Delhi Smog-Ocalypse: When Rogue Neighbours Make India’s Capital Suffer

Rampant stubble burning across Haryana and Punjab, despite a court-ordered ban, is adding to Delhi's smog, turning India's capital to a health-wrecking gas chamber.

Delhi is in the grip of a severe air pollution crisis with the city covered in a thick layer of haze and smelling of smoke. The toxic smog has engulfed much of the Delhi-NCR region as it is known to extend beyond Gurgaon, Noida and Ghaziabad.

Typically, the period around Diwali, the festival of lights turned smoky by the bursting of crackers, has been bad for Delhi’s air and its health but the past few years have seen increasing incidents of stubble burning in Punjab and Haryana, the predominantly farming states, adding more smoke and pollutants to Delhi’s air.

Stubble or crop residue burning is rampant in Delhi’s neighbouring states of Haryana and Punjab despite a ban imposed in the states of Rajasthan, Uttar Pradesh, Haryana and Punjab by the National Green Tribunal in 2015.

And this year, it has been particularly bad especially the days immediately after Diwali. In fact, it was so bad the past few days that the share of stubble burning in Delhi’s smog rose to 44 percent on Friday according to the Ministry of Earth Sciences air quality monitor SAFAR.

According to SAFAR “the overall air quality of Delhi continues to be in the SEVERE category and overall Delhi’s PM2.5 touched the highest level of 383ug/m3 today morning which is equal to AQI of 500-plus”.

The numbers indeed are scary; the dull haze and the burning smell even more. Delhi looks like a scene from a war zone with many people wearing masks or covering their faces while commuting or venturing out of their homes.

The city authorities are taking steps to control the local factors but have repeatedly raised their hands in dismay at their neighbours. Rampant stubble burning despite a ban and repeated reminders and requests to the respective state authorities have brought no luck or joy.

The fact that crop residue is being burnt even with the result known speaks volumes for the value we put to our lives. A quick gain now resulting in the harm to many is of no consequence to either the farmers or the ban enforcers as local politics and demands clearly override the diktat of even the courts.

The fact that this situation was anticipated, predicted and repeatedly brought to the notice of the state authorities makes for even sorrier reading and horrible sight.

A public health emergency has been announced for Delhi and its surrounding NCR region with schools ordered shut till Nov. 5, all construction activity stopped and bursting of crackers banned during the winter season. Delhi’s government had already announced the version 3.0 of the odd-even traffic plan, limiting the number of vehicles on Delhi’s roads that can ply from Nov 4-15.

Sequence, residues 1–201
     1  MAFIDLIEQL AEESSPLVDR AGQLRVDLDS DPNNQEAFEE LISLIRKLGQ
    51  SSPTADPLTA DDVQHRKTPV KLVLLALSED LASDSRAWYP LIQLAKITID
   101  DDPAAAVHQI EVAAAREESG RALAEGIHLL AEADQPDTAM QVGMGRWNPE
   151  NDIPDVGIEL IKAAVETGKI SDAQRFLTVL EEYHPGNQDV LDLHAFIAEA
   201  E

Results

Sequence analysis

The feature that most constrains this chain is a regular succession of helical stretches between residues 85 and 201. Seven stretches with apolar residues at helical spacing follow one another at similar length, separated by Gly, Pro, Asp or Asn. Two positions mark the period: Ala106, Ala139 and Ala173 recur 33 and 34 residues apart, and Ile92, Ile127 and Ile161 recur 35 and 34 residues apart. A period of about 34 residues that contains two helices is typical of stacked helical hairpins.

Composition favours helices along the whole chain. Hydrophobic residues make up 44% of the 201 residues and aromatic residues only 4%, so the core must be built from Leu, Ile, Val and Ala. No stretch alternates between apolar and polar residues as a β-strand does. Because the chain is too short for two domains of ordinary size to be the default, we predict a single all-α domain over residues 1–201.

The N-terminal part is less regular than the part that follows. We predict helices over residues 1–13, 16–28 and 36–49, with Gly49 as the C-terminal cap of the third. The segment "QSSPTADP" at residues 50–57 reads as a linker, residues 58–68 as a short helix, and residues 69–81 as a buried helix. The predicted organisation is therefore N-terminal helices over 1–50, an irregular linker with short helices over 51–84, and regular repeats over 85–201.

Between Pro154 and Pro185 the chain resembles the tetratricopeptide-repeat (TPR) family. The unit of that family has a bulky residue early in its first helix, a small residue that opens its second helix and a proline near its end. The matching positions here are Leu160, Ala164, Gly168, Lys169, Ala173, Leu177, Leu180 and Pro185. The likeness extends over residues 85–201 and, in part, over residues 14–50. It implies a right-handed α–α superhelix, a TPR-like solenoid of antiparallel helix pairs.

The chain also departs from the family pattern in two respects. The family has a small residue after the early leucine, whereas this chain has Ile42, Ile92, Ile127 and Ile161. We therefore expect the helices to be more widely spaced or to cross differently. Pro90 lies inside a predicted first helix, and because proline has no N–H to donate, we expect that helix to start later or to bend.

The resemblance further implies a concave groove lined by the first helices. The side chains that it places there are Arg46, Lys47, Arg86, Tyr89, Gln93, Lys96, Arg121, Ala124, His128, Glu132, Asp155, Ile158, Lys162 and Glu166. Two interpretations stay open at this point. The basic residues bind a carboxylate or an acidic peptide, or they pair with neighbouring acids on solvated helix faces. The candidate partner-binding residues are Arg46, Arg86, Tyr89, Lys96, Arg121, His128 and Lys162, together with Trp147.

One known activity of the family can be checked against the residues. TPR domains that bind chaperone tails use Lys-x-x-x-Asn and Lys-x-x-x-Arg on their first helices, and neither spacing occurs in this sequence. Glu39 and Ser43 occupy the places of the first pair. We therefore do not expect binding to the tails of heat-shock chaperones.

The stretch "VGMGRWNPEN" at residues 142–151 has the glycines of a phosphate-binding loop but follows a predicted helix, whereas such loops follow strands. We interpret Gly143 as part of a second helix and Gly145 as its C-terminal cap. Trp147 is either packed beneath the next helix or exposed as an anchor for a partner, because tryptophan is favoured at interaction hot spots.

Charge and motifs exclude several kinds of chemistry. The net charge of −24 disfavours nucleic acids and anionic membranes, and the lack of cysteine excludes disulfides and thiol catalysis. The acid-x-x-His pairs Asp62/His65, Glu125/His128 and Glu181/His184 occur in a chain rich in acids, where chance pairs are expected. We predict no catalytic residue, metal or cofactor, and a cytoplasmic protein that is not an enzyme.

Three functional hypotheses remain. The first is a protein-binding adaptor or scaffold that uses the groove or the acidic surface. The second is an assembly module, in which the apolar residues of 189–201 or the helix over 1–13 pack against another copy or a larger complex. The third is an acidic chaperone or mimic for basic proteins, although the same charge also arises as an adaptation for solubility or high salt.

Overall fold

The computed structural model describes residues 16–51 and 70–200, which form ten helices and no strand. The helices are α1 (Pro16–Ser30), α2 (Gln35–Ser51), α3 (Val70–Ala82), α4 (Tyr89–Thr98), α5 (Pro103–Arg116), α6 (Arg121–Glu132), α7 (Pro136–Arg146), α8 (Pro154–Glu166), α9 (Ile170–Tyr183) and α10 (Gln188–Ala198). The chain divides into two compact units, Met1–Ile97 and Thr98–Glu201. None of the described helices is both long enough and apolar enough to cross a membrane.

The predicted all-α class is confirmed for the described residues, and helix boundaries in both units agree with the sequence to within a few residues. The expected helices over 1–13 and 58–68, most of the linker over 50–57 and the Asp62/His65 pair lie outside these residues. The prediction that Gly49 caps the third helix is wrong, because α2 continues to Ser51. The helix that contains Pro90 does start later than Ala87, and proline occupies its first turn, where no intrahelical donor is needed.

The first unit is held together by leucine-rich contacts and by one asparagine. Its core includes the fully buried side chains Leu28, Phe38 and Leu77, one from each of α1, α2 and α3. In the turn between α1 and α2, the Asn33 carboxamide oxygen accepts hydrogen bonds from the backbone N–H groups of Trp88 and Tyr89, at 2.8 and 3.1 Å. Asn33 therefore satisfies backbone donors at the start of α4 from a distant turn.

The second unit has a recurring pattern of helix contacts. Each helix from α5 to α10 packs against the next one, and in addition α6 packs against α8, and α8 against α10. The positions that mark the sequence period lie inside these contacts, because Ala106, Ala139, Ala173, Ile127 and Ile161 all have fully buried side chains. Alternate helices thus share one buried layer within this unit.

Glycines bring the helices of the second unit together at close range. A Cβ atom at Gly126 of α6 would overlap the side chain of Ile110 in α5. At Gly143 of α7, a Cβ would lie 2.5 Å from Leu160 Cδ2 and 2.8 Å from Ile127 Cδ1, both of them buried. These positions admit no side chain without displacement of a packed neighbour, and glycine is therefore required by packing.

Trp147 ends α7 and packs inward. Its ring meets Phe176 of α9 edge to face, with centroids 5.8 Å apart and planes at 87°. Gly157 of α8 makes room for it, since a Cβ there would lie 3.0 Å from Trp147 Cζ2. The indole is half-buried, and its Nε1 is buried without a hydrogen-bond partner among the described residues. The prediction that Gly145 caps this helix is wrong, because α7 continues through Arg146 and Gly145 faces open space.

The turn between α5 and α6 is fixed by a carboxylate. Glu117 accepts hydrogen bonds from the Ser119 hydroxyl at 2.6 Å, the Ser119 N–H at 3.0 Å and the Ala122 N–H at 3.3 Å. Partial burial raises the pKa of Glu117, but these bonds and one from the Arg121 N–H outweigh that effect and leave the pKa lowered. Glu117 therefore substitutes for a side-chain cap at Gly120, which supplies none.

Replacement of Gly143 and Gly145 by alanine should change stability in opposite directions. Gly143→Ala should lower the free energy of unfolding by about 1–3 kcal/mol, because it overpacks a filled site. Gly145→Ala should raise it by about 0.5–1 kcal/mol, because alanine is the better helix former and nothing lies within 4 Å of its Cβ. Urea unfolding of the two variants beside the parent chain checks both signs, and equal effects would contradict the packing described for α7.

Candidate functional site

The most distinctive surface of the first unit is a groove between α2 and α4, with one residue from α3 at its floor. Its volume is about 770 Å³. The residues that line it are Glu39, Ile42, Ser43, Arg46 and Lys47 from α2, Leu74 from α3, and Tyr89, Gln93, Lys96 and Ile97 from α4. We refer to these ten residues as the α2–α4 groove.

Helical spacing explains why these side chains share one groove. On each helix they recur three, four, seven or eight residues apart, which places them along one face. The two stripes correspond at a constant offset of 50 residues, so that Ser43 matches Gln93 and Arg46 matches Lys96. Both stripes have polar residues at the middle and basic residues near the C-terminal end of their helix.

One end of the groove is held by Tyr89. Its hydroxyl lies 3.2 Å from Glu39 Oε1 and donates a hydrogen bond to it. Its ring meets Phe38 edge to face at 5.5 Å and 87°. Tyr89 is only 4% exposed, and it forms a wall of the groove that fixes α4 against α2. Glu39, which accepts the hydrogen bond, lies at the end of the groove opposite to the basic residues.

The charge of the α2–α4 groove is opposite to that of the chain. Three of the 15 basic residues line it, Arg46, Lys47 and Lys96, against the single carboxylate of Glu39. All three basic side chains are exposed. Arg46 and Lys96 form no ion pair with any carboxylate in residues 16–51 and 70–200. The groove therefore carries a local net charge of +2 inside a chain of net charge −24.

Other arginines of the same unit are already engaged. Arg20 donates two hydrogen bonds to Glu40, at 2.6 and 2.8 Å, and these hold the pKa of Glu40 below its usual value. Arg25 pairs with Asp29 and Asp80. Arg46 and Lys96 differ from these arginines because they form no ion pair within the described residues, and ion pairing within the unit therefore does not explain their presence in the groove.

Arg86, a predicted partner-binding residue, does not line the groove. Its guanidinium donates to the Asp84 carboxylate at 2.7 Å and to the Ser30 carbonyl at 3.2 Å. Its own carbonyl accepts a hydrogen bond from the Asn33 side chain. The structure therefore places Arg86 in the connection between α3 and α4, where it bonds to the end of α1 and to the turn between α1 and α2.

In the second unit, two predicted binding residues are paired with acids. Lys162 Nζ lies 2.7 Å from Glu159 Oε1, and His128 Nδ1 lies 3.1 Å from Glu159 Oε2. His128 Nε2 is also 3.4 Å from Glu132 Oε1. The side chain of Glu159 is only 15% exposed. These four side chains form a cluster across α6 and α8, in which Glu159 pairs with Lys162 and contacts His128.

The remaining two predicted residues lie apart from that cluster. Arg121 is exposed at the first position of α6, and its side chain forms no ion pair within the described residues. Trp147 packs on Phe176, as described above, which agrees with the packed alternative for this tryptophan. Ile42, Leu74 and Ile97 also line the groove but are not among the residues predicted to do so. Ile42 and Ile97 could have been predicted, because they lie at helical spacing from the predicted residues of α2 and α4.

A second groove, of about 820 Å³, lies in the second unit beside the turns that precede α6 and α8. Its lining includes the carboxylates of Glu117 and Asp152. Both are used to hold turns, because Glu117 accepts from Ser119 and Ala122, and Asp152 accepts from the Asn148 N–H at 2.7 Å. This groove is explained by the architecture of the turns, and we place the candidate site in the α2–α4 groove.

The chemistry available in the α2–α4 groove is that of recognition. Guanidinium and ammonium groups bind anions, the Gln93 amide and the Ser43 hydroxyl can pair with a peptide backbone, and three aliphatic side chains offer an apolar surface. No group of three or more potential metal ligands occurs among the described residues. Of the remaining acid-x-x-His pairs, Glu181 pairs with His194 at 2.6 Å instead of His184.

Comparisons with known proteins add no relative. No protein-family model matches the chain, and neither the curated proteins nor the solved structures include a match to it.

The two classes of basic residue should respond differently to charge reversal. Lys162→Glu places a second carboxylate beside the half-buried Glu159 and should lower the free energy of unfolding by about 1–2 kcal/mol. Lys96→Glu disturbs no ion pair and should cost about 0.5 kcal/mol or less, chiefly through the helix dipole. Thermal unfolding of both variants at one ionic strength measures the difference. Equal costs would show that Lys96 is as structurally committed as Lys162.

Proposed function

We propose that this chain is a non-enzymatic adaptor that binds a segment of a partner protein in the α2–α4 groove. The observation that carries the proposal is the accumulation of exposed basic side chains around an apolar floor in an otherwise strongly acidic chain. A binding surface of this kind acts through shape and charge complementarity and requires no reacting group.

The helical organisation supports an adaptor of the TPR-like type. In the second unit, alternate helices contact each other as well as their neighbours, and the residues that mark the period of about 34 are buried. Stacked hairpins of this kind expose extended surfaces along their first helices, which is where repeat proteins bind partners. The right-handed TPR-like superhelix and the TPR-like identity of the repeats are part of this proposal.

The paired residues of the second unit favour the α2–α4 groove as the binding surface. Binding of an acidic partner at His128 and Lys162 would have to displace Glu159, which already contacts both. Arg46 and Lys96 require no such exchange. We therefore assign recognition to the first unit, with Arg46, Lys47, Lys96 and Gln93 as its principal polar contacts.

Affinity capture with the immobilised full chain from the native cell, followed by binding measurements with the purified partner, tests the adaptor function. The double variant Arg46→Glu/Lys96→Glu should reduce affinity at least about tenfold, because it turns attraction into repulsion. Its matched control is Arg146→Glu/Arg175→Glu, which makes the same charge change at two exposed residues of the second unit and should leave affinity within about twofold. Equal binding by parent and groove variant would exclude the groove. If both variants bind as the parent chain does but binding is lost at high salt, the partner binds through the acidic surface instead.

Yet, no action has been taken on stubble burning, a nearly equal contributor to Delhi’s smog woes. The yearly event has now become a ritual and since even a court-ordered ban has failed, we wonder what more than a smog-ocalypse will trigger some sanity and action to stop this annual ritual from turning Delhi into a health-wrecking gas chamber.

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Anirban Roy

Anirban has been a journalist all his working life having worked with leading global media brands for most of this time. He has a strong interest in sustainability too and is an occasional writer for IamRenew.

3 thoughts on “Delhi Smog-Ocalypse: When Rogue Neighbours Make India’s Capital Suffer

  • November 2, 2019 at 8:41 am

    Rightly said. Too little value is being given to lives. So unfortunate that the only thing clearly visible in this haze is the politics of pollution.

  • November 4, 2019 at 7:56 pm

    We need to take the ‘politics’ out of pollution and focus on problem-solving. Instead of playing the ‘blame game’, the local Govt. can sit down with farmers to discuss and implement cost-effective means of getting rid of crop residue…Instead of burning it, there may be some money to be made if it were sold as compost to nearby areas that need it. One thing is clear in this haze: EVERYONE in Delhi is suffering these fires, so why not involve concerned individuals and businesses in such discussions…In this digital age of rapid communication, we should be able to do better with coordination and cooperation….I was led to this article from a facebook post, and just saw the author’s name…Cheers, Jeet!

    • November 5, 2019 at 6:50 pm

      Hi Sulabha – some points you make like the compost is already on as a pilot in some areas so yes, things are being worked on but yes, needs more drastic action to solve this crisis. Glad you read, and Cheers!


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